I won’t get frustrated by trying to control what I can’t control, such as the fact that the rope has gone or that rescue hasn’t yet arrived.

4. Dichotomy of value

What matters above all is preserving my character. I need to prioritise this above all else and remember that even if I weren’t to be rescued at all,  it would matter less than how I dealt with the situation.

5. Stoic physics and worldview.

I should accept my fate willingly, as in Cleanthes’s story of the dog who accepts being tied to the cart, rather than struggling against its fate (and risking being strangled). I can  reframe this as a Stoic opportunity to learn how to be virtuous. Perhaps being trapped will actually turn out to be a good thing. Who knows, I could write about it and be a Stoic inspiration to others!

Although you might be thinking that what John really needed was a real elevator to get out of the cave, the Stoic elevator can provide assistance all the time.


Scenario B

In the height of the second wave of COVID, you start to feel ill.  The dreaded red  line appears when you take a test. The following worries creep into your mind.

‘What if I get long COVID?’

‘What if I infect the rest of my household?’

‘I won’t have time to meet my work commitments …’


Let’s see how the Stoic Elevator can help.

1. Dichotomy of control.

I can’t control whether I get long COVID.

I can control how much I worry about that.

I can’t control 100% whether I infect others but I can exercise virtues to minimise the chances.

I can’t  100% control whether I meet all I work commitments but I can control how I communicate my situation to those affected.

2. Cultivate the virtues

I need …

a. Self-control – to manage worry.

b. Justice – to be cautious in terms of my interaction with other household members.

c. Courage – to tell other people I may not be able to meet commitments.

d. Wisdom – to use the dichotomy of control and look at things from a virtues lens, moment to moment.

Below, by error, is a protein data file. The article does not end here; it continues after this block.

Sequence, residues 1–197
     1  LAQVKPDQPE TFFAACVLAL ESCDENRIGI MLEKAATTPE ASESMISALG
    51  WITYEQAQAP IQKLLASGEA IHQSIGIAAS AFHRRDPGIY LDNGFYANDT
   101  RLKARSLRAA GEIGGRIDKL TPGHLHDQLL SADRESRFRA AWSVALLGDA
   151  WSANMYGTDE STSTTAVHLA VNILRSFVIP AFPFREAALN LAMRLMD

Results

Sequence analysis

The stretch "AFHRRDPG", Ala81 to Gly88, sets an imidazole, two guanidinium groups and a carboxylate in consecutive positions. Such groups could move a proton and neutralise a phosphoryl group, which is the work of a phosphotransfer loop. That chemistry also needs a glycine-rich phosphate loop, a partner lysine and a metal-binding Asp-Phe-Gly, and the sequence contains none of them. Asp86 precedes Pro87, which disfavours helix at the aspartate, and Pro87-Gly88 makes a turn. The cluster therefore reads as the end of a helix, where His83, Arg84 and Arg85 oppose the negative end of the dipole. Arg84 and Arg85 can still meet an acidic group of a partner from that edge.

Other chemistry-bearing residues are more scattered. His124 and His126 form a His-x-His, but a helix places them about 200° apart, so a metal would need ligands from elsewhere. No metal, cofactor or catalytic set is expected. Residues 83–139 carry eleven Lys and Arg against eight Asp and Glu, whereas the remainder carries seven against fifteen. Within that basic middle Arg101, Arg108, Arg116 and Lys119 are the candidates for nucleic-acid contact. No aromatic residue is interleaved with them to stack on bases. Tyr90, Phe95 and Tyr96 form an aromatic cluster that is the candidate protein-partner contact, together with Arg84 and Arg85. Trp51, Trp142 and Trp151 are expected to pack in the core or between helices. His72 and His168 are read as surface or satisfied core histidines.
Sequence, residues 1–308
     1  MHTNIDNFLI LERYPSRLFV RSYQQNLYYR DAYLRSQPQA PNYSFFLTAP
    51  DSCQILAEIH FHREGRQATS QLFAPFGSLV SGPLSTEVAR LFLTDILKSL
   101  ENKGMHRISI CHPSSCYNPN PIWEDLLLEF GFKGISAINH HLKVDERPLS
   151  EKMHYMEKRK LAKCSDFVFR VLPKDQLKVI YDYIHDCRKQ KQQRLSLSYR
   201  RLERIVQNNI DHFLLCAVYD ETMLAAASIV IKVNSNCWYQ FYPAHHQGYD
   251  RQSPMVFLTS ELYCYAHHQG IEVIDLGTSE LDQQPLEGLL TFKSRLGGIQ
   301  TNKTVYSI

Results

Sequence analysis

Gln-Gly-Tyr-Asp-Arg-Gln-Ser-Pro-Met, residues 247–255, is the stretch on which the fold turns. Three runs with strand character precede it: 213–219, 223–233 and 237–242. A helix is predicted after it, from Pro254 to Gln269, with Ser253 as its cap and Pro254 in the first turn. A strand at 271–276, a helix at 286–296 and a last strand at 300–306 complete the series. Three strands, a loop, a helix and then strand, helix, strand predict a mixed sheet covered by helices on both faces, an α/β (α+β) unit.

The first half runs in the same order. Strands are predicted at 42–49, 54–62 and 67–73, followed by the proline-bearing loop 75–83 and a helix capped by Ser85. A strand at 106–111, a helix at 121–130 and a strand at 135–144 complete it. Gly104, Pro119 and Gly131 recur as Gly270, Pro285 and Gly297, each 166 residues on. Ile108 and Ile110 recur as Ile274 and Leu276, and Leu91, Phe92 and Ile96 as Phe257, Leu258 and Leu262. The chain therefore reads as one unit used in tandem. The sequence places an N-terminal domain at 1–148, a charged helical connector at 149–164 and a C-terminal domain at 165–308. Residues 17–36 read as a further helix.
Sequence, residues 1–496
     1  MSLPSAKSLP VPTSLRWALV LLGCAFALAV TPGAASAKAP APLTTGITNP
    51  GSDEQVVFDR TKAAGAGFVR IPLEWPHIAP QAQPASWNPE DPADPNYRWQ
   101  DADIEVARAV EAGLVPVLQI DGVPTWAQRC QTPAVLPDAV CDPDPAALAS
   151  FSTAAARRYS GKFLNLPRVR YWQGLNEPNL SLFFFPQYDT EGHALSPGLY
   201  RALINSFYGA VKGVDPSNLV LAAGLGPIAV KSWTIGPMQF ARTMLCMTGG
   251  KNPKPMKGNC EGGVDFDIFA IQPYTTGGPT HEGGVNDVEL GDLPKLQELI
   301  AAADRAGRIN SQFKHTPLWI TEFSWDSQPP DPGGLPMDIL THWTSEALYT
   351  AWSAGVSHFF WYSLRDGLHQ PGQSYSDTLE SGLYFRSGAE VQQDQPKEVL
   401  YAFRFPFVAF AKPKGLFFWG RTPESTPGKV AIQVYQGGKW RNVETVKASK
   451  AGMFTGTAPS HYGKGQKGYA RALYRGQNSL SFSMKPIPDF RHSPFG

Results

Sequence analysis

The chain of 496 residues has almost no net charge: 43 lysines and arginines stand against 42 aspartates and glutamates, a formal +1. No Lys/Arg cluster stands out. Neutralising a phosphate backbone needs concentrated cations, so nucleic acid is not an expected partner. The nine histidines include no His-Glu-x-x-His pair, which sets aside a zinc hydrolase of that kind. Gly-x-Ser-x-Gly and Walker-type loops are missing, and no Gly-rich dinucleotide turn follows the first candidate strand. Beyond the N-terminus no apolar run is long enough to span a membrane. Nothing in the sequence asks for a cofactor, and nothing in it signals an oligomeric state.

3. Managing my emotions

a. Don’t assume I will get long COVID. Stay with what I know for a fact.

b. Don’t blame myself or others for getting COVID.

c. Don’t catastrophise. Most likely, I will just be out of action for a week, and that’s not terrible.

d. Don’t focus on what I cannot control, focus instead on my attitudes and actions, and I will feel less frustrated and more hopeful.

4. Dichotomy of value

All that matters is preserving my character. COVID can’t stop me being a good person. The things I am worried about are less important than this.

5. Stoic physics and worldview

I can accept my fate willingly. Maybe it is a Stoic test to see how well I can practice Stoicism when put to the test.

How do these answers compare with your own?  If you came up with other good Stoic ways of handling them, please feel free to add them to the comments below.

My hope is that the 50+ success  stories provided in the book, and all the Stoic ideas described in the Stoic Elevator, will help readers to learn more about Stoicism and build up a consistent practice. The book is divided into 365 short entries, so readers  could decide to do one a day, say over their morning coffee, and thereby build Stoicism into their daily routine.  We’ve found from ten years of Stoic Weeks that practising Stoicism for a week can be of great benefit – so how much more will you  get it you practice Stoicism for a whole year?

Tim LeBon is part of the Modern Stoicism team, focusing on research and assessment. He is also a senior CBT psychotherapist in the NHS and a CBT therapist and  Stoic Life Coach in private practice. His latest book is 365 Ways to be More Stoic , which was edited by Kasey Pierce and is available from John Murray Press.
You can find out more on the Instagram and Facebook , Tim’s website www.timlebon.com and his YouTube-channel. 



Chakrapani, C & LeBon, T   (2021) Stoicism: Cobwebs and Gems


Gill C, (2021a)  Marcus on the Dichotomy of Value and Response https://modernstoicism.com/marcus-on-the-dichotomy-of-value-and-response-by-chris-gill/

Gill, C, (2021b) Do Stoic Ethics depend on the Stoic Worldview? https://modernstoicism.com/do-stoic-ethics-depend-on-the-stoic-worldview-by-chris-gill/

Kesebir,P and Diener, E (2013) A Virtuous Cycle: The Relationship Between Happiness and Virtue SSRN Electronic Journal http://dx.doi.org/10.2139/ssrn.2309566